The road to Notch Hill

Photo by Matt Duncan on Unsplash
 on April 2, 2024

We usually drive far more highways than we do roads. Roads are intimate and local. Roads meander. Roads pause for things. They run under deep groves of trees and let the shadows play on their surfaces. Roads go down by small rivers, even streams. Really intimate and quiet roads sometimes give way to a stream that allows them to cross it. Drivers slow down and the water splashes from the wheels; children bounce up and down in back seats and laugh as the water arcs out on either side. Roads allow houses and gardens to be close to them and animals to saunter across them. 

Highways are so very different. Highways are restless and arrogant and assertive. They are endlessly bossy. Not a mile goes by where they are not flinging information at you. “Yield!” they shriek. “No U Turns!” they yell. Highways dislike houses and push them hundreds of yards to either side. Highways detest trees and human beings and small communities.  

I am thinking of a certain road that winds into the hills and leaves the highway far behind. It climbs a ridge and then drops into a rich and fertile valley. There are farms where half a day’s chores have already been done as we drive slowly by. Someone waves a greeting. There is a store with nails and bread and ice cream, among other humble things, all jumbled together. Across the fields, there is an old wooden church with a tiny bell tower and gaping windows. From the step where the door once was, we can see the rusted rails in the grass where the railroad ran. We can see the spot where the train halted to drink greedily from the water tower whose wooden foundation is now lost in the grass.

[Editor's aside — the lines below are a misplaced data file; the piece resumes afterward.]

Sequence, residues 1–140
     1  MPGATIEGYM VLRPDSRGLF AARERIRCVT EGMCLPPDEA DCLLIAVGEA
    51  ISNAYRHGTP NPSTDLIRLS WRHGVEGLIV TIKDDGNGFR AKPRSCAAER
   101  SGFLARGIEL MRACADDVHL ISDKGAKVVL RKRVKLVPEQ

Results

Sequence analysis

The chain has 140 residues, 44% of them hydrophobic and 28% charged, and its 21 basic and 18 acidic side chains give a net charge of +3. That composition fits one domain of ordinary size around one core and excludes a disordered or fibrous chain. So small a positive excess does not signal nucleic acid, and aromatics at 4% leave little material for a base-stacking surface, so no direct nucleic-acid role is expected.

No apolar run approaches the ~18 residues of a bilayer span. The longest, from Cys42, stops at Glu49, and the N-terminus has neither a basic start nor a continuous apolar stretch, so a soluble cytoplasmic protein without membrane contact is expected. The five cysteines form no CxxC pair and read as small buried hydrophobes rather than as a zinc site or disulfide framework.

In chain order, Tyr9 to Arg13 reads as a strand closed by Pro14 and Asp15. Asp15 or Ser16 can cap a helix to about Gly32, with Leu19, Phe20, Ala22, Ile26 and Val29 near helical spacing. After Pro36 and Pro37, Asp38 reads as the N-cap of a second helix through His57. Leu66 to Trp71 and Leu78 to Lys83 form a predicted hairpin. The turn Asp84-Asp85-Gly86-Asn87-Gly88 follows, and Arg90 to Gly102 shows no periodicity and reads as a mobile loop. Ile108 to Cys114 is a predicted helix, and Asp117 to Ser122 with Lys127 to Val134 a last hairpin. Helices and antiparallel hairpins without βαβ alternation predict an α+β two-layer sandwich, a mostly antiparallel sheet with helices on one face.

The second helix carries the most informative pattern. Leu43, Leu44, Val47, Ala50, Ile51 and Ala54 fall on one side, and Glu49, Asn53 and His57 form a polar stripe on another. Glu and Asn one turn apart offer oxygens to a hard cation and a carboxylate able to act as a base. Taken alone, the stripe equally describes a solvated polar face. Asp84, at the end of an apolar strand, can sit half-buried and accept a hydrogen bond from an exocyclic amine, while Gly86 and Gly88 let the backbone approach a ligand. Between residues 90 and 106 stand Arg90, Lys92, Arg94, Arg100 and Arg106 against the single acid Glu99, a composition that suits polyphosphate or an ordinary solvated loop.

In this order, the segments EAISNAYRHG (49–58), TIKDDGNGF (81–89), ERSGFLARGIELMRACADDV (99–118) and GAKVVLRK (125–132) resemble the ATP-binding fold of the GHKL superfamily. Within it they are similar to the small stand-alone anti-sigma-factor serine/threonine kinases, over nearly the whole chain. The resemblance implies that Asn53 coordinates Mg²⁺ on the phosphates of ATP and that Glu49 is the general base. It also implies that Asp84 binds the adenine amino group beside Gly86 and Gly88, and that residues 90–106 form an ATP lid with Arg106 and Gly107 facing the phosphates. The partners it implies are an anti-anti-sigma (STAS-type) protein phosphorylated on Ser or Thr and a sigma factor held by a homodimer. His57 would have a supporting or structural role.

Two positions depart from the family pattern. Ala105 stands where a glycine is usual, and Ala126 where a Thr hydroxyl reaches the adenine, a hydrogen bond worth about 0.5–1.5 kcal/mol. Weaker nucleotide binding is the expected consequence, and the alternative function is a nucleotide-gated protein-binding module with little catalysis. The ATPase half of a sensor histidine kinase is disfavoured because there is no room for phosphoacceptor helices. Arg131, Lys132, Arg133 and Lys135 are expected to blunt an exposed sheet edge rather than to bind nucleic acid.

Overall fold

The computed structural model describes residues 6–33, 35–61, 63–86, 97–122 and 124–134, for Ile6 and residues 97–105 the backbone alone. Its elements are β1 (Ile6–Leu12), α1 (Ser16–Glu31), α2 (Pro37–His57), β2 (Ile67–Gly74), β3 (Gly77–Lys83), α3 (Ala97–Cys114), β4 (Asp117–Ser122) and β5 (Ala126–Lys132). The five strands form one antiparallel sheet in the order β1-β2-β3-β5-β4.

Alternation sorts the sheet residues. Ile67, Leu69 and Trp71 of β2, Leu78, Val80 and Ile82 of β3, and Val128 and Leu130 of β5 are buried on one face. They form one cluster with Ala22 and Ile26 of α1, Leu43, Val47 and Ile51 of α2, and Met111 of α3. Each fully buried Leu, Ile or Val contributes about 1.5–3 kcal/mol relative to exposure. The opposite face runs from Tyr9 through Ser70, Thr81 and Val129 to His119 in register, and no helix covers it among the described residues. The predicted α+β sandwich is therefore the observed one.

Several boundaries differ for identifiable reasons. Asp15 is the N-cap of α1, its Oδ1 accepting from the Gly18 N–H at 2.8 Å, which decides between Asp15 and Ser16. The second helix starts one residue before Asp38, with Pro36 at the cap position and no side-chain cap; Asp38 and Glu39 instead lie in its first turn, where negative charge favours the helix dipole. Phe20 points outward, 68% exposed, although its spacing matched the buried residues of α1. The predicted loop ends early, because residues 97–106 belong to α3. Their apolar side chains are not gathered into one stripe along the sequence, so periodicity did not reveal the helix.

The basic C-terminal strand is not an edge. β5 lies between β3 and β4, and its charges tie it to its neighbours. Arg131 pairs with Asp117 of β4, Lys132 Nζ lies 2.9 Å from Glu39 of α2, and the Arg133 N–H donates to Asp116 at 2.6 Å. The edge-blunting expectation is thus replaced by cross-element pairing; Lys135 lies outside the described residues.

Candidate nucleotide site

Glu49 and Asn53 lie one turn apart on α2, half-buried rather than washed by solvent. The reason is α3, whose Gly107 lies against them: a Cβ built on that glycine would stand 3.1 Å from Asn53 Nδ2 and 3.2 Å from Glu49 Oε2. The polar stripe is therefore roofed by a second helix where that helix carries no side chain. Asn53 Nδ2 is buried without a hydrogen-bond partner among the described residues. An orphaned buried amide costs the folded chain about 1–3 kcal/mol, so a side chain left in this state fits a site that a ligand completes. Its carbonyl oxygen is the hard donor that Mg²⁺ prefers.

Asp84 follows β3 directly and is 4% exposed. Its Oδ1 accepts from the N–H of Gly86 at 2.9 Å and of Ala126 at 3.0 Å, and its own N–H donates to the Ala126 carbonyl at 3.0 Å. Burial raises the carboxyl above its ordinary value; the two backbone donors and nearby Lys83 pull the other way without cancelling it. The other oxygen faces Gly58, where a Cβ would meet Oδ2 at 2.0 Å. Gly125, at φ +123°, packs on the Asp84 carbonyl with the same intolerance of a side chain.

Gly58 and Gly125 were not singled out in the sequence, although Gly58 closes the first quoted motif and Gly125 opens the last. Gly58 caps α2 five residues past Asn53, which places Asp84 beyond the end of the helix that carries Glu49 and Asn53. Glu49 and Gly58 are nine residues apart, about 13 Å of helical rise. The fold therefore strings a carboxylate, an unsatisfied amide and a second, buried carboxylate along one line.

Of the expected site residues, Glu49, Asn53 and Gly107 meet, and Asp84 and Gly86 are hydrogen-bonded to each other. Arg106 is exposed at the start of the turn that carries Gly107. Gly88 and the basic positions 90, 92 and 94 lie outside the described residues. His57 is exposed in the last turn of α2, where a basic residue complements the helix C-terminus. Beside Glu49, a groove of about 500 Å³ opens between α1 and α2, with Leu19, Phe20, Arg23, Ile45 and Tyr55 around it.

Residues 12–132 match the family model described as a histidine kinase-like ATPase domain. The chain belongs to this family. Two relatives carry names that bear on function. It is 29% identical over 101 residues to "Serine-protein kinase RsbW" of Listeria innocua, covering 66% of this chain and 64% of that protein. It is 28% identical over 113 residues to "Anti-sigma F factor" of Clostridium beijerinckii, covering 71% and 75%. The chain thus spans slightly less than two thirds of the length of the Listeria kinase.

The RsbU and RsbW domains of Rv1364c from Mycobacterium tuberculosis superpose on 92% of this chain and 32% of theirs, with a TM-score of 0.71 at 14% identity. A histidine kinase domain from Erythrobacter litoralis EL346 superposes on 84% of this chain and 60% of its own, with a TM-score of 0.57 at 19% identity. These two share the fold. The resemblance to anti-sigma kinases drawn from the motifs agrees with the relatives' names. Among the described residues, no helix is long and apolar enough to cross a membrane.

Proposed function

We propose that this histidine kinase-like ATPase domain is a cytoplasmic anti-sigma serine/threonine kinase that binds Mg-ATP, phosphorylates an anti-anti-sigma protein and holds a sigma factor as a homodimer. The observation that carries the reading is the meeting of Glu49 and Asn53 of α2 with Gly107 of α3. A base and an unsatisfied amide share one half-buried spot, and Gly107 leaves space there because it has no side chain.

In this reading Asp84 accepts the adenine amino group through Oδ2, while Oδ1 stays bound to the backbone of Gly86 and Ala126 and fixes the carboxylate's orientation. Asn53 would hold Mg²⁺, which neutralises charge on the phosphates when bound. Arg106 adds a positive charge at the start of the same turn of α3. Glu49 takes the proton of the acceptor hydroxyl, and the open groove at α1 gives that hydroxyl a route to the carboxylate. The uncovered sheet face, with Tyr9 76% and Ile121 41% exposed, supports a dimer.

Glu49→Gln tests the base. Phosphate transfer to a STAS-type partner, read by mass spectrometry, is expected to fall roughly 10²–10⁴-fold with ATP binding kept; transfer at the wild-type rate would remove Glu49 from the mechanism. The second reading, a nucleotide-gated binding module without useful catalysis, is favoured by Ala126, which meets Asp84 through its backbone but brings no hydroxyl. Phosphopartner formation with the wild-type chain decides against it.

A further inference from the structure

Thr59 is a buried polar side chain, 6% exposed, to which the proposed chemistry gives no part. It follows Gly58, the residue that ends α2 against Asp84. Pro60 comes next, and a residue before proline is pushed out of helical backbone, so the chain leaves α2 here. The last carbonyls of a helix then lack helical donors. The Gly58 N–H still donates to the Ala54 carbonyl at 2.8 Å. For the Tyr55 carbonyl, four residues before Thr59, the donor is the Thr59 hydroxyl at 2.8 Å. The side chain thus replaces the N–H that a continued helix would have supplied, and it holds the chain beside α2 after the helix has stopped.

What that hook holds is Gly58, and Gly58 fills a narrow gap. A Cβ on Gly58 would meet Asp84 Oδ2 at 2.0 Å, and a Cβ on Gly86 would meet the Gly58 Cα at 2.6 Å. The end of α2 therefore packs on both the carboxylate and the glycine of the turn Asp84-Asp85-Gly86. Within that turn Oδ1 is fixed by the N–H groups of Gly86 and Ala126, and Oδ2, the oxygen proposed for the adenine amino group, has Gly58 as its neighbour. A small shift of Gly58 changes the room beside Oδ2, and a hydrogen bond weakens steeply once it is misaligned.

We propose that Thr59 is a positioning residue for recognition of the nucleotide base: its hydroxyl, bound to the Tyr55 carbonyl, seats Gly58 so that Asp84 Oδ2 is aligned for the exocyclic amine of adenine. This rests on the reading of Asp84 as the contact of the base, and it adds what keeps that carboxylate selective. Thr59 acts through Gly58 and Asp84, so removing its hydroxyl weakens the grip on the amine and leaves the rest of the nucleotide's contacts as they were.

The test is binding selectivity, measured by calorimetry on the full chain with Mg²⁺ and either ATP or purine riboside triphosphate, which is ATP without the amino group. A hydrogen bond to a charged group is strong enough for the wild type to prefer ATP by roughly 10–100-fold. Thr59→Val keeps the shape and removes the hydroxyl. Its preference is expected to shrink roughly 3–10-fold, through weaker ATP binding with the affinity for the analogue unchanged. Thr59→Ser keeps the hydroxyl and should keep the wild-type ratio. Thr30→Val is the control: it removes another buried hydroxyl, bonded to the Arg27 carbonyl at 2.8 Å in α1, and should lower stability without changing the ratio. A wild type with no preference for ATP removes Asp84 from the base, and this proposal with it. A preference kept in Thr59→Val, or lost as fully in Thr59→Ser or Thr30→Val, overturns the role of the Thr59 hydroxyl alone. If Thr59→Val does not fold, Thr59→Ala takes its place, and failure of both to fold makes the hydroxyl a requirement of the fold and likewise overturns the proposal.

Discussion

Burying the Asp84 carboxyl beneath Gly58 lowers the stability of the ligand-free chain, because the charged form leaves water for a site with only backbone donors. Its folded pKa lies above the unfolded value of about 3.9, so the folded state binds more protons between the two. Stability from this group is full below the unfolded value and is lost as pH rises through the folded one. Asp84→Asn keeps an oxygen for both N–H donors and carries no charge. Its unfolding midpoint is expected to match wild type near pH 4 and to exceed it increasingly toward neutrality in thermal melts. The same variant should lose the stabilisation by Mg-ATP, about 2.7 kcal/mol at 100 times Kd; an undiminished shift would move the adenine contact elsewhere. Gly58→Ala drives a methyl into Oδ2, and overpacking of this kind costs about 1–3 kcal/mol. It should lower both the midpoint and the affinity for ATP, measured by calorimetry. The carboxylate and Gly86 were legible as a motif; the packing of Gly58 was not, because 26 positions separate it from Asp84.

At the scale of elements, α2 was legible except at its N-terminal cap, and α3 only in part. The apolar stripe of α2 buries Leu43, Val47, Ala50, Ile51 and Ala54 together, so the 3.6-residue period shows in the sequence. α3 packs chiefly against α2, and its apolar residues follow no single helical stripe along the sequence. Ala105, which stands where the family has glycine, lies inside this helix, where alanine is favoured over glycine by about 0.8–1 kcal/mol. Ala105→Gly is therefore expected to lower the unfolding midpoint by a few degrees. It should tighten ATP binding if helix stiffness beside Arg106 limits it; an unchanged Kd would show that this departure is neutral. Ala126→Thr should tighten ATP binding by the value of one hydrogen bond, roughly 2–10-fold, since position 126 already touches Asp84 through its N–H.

Nowadays, if you pause here on a leisurely evening drive, you can hear a long mournful howl on the evening air. It tells you that a few miles from here, a mile-long behemoth of rail cars is thundering ponderously through a neighbouring valley, its wheels rattling and squealing on the gleaming steel rails, bound for places much more important but, alas, not half as beautiful.  

  • Herbert O’Driscoll

    Herb O’Driscoll is a retired priest, conference leader and prolific author of books, hymns and radio scripts. His newest book of memoirs, I Will Arise and Go Now: Reflections on the Meaning of Places and People, was released in 2021 by Morehouse Publishing. 

    View all posts [email protected]
Skip to content